Close to The Strand is a tiny, perfect gelato place called Amorino, 162 8th St. for pistachio gelato. Small in size but worth the crowded seating for a taste.

We walk back to Washington Square, which is lit up like a Christmas tree and there is an Afro-Caribbean band playing. The odd tourist starts to wiggle and flail, even a few kids chime in. We giggle and text our son, who is with his boyfriend in another part of the state. Not brave enough to dance ourselves we laugh a bit at the eager dancers. He says, "Let them be happy." So we wish them well and go home after a very long but fruitful day. 


Washington Square monument by night

Thursday, May 31, 2018

May Cultural Roundup

Films:
The Fourth Estate (U.S., 2018)
Running from Crazy (U.S., 2018)
Tiny Shoulders: Rethinking Barbie (U.S., 2018)
My Mother's Letters (U.S., 2018)
The Return (U.S., 2018)
Black Panther (U.S., 2018)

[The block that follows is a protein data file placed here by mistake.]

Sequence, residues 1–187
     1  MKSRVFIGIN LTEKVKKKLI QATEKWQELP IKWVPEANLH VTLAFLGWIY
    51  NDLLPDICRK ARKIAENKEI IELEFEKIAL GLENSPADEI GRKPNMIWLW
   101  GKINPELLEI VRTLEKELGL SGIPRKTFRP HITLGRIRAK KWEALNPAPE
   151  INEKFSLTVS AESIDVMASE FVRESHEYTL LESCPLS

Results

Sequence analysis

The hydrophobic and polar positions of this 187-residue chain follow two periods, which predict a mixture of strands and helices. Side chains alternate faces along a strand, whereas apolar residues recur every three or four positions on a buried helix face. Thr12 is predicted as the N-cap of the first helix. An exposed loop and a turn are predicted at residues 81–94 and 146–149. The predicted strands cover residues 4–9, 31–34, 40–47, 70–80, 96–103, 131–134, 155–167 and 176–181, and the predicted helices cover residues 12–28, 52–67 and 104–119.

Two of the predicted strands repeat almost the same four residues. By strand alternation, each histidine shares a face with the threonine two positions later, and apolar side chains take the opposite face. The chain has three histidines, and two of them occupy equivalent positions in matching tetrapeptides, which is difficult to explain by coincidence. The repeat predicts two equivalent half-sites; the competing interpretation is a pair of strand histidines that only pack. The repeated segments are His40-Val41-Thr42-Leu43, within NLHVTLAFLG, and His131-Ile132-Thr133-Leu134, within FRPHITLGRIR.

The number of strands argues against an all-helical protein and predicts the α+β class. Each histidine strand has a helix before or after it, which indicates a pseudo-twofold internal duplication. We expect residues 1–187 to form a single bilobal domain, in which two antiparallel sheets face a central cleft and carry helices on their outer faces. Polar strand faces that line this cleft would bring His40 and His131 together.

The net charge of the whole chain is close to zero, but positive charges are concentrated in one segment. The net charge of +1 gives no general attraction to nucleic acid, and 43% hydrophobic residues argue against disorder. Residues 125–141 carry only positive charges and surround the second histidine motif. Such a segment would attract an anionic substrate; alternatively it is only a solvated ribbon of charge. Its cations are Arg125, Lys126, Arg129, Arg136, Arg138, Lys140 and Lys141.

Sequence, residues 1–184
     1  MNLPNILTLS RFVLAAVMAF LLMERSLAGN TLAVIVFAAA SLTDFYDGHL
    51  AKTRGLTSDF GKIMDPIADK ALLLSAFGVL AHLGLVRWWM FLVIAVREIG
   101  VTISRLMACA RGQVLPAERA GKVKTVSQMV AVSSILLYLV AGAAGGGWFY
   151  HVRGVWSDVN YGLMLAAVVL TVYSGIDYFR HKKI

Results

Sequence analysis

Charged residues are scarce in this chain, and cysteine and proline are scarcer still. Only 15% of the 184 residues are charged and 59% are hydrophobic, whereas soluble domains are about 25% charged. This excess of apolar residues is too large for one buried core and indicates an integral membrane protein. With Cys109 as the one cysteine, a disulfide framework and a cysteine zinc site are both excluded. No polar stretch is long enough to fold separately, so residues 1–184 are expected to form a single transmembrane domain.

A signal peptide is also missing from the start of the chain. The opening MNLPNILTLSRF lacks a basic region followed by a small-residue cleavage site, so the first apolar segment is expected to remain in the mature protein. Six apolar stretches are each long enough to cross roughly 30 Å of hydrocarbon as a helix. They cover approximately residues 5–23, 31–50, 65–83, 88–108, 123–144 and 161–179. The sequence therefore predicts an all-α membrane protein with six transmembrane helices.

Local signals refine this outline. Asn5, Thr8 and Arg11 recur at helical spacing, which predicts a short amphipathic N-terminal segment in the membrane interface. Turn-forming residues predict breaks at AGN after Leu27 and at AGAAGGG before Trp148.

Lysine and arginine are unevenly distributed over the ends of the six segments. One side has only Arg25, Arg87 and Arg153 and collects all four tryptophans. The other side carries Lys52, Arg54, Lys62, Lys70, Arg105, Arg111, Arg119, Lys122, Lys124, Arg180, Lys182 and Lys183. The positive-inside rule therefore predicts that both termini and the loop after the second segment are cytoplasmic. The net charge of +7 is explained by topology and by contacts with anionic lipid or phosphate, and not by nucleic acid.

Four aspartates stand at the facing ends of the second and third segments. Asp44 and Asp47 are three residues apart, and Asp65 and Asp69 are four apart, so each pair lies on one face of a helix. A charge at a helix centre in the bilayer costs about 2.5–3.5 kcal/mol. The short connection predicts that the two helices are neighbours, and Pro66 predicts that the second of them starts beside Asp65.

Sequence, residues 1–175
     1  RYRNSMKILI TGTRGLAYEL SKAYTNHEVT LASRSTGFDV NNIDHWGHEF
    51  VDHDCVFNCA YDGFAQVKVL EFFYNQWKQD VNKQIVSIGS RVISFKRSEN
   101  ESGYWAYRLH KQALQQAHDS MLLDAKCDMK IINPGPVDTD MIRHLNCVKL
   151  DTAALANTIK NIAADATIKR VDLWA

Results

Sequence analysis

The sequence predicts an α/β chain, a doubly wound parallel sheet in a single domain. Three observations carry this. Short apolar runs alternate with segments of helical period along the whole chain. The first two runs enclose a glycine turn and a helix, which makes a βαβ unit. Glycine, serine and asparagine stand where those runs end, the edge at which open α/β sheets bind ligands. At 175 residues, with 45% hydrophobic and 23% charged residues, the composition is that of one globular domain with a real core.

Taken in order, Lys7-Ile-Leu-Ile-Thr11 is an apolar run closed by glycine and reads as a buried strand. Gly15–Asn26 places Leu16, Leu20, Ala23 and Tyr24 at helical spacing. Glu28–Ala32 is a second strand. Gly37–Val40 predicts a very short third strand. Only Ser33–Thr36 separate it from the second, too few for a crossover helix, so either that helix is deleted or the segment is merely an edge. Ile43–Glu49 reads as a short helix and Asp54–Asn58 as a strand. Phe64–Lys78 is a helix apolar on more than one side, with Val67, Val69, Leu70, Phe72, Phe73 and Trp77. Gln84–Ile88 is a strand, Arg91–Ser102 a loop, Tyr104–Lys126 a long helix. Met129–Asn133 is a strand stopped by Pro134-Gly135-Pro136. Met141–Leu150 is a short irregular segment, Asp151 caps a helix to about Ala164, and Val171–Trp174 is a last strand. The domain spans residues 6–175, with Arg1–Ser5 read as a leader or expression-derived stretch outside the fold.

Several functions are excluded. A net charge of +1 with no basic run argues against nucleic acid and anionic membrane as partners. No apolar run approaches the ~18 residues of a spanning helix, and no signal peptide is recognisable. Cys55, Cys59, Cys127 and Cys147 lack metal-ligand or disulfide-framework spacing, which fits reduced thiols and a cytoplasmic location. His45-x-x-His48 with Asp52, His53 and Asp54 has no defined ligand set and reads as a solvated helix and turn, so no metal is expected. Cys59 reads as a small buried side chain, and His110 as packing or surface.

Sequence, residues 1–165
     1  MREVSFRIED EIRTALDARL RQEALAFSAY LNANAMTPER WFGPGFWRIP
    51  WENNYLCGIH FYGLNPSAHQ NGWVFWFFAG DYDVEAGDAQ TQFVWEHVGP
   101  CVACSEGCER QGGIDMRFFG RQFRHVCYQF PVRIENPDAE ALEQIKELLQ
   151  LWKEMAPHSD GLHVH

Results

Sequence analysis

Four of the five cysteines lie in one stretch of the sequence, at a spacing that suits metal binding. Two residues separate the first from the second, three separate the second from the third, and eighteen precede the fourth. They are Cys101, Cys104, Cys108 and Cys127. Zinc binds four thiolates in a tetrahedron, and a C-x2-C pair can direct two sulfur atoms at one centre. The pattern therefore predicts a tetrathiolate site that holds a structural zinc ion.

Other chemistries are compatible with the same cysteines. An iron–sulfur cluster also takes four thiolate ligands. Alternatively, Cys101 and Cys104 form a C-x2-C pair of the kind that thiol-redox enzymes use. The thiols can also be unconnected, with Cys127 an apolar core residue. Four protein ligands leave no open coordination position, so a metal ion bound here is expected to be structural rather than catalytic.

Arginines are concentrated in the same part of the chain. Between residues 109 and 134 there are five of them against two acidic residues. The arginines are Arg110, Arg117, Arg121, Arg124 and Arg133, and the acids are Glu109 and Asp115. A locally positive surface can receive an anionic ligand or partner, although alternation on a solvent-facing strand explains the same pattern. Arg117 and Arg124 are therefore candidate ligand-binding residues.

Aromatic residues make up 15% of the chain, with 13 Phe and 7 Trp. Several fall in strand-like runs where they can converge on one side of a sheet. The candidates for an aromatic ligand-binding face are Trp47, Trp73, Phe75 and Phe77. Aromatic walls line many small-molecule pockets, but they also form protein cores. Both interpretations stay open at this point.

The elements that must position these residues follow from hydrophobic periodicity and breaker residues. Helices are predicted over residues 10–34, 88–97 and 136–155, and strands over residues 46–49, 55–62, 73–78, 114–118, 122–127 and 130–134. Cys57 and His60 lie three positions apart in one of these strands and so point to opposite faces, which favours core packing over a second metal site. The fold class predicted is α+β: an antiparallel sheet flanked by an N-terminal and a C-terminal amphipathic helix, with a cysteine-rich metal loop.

The Rachel Divide (U.S., 2018)
Joan Didion: The centre will not hold (U.S., 2018)

Literary
Wild Writers at Poetry Jazz Cafe, May 1st
Pride Comes Before the Parade Reading - Celebration of Pride, Queen Books, May 27th

Art:
OCAD University for GradEx 103 Exhibit, May 5th

Books:
The Rules Do Not Apply by Ariel Levy
Voodoo Hypothesis by Canisia Lubrin

Monday, April 30, 2018

April Cultural Roundup

Films:
A Quiet Place (U.S., 2018)
Ugetsu (Japan, 1953)
Alt-Right: Days Of Rage (U.S., 2018)
Two Worlds Colliding (Canada, 2004)
The American Meme (U.S., 2018)

Theatre
Mixie and the Half Breeds, Pia Bouman School, April 15th

Books:
Lincoln in the Bardo by George Saunders
The Marrow Thieves by Cheri Dimaline

Saturday, March 31, 2018

March Cultural Roundup

Films:
Serpico (US, 1973)
The Florida Project (U.S., 2017)

Literary:
International Women's Day Reading at Queen Books with Danila Botha, Canisia Lubrin, Sofi Papamarko, Gianna Patriarca, Ayelet Tsabari, Jessica Westhead and Michelle Alfano, March 11th

Launch of Arif Anwar's The Storm (HarperCollins, 2018), Bar Mercurio, March 27th

2018 Canada Reads at CBC, March 28th & March 29th

Books:
White Trash: The 400-Year Untold History of Class in America by Nancy Isenberg